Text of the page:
The relationships of customer-perceived value, satisfaction, loyalty and behavioral intentions

Spiros Gounaris, Nektarios Tzempelikos, Kalliopi Chatzipanagioti

Research output: Contribution to journalArticlepeer-review

108 Citations (Scopus)


The concept of Customer-Perceived Value (CPV) has become a matter of increasing concern in marketing literature. However, there are few empirical studies that attempt to examine the notion of it. Filling this gap, this study provides a conceptual as well as empirical investigation of CPV as a formative construct and also offers an insight regarding the role of CPV in influencing, through satisfaction and loyalty, the behavioral intentions of word of mouth, repurchase intention and cross-buying. Furthermore, the potential moderating role of social pressure in the relationship between satisfaction and loyalty is also examined. The results suggest that delivering superior customer value enables a firm to achieve favorably behavioral intentions. Implications for practice, study limitations and future research are discussed.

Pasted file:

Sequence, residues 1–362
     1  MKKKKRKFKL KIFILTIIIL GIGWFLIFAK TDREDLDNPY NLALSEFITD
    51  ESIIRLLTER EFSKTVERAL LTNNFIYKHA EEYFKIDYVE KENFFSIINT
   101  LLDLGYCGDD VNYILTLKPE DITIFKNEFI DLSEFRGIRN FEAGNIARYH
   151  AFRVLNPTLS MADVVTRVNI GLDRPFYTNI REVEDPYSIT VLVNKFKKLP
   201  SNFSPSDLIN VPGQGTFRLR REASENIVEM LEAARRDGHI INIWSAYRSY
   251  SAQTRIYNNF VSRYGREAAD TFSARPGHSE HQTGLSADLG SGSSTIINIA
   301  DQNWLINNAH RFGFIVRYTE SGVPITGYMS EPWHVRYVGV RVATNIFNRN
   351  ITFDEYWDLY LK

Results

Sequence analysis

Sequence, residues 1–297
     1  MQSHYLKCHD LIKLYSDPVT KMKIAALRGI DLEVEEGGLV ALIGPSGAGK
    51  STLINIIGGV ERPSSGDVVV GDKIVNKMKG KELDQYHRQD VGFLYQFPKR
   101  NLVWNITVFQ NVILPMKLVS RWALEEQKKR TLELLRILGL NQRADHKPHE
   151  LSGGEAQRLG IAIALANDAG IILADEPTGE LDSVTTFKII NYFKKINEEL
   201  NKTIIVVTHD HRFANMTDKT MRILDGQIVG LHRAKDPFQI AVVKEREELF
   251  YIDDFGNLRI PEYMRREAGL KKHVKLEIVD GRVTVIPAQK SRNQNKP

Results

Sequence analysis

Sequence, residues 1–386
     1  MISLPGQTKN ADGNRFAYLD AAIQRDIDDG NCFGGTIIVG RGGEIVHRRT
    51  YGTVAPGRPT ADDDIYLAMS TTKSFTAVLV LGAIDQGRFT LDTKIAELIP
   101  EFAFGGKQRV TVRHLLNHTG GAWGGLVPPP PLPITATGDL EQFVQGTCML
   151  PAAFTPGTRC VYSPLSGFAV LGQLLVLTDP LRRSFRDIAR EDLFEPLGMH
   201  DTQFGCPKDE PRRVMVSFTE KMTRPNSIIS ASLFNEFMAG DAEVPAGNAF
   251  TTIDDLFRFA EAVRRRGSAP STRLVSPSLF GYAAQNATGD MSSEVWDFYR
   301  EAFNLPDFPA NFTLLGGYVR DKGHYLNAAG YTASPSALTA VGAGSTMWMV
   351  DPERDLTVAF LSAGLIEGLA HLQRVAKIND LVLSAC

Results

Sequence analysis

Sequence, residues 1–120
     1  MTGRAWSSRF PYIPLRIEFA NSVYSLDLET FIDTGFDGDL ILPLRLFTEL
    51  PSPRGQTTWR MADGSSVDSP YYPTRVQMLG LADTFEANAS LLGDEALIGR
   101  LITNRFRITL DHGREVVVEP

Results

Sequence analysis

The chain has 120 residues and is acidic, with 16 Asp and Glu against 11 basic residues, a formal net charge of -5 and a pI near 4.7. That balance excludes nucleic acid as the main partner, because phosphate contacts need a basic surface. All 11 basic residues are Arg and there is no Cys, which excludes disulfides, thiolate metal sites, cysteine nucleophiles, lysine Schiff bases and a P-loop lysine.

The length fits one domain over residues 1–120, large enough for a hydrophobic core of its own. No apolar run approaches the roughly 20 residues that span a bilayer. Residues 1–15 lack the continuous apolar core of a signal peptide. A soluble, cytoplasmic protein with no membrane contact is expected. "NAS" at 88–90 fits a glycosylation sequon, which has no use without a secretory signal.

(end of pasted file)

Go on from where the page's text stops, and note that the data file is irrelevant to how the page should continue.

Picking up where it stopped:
Original languageEnglish
Pages (from-to)63-87
Number of pages25
JournalJournal of Relationship Marketing
Issue number1
Publication statusPublished - 2007


  • relationship marketing
  • customer loyalty


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